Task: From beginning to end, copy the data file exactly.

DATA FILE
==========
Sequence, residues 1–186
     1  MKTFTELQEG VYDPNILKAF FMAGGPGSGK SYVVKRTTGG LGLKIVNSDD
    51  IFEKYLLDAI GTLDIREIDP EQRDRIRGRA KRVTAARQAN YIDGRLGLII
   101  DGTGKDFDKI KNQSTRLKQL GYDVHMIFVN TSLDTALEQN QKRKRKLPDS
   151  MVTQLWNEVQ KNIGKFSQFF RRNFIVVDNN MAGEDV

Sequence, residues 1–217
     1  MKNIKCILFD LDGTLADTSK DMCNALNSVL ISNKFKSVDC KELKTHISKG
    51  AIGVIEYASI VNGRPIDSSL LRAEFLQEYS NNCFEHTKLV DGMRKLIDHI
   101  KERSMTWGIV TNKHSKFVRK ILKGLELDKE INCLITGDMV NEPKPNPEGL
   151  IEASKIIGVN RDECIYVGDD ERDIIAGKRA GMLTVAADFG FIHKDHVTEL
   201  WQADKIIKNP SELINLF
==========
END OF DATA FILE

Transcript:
Sequence, residues 1–186
     1  MKTFTELQEG VYDPNILKAF FMAGGPGSGK SYVVKRTTGG LGLKIVNSDD
    51  IFEKYLLDAI GTLDIREIDP EQRDRIRGRA KRVTAARQAN YIDGRLGLII
   101  DGTGKDFDKI KNQSTRLKQL GYDVHMIFVN TSLDTALEQN QKRKRKLPDS
   151  MVTQLWNEVQ KNIGKFSQFF RRNFIVVDNN MAGEDV

Sequence, residues 1–217
     1  MKNIKCILFD LDGTLADTSK DMCNALNSVL ISNKFKSVDC KELKTHISKG
    51  AIGVIEYASI VNGRPIDSSL LRAEFLQEYS NNCFEHTKLV DGMRKLIDHI
   101  KERSMTWGIV TNKHSKFVRK ILKGLELDKE INCLITGDMV NEPKPNPEGL
   151  IEASKIIGVN RDECIYVGDD ERDIIAGKRA GMLTVAADFG FIHKDHVTEL
   201  WQADKIIKNP SELINLF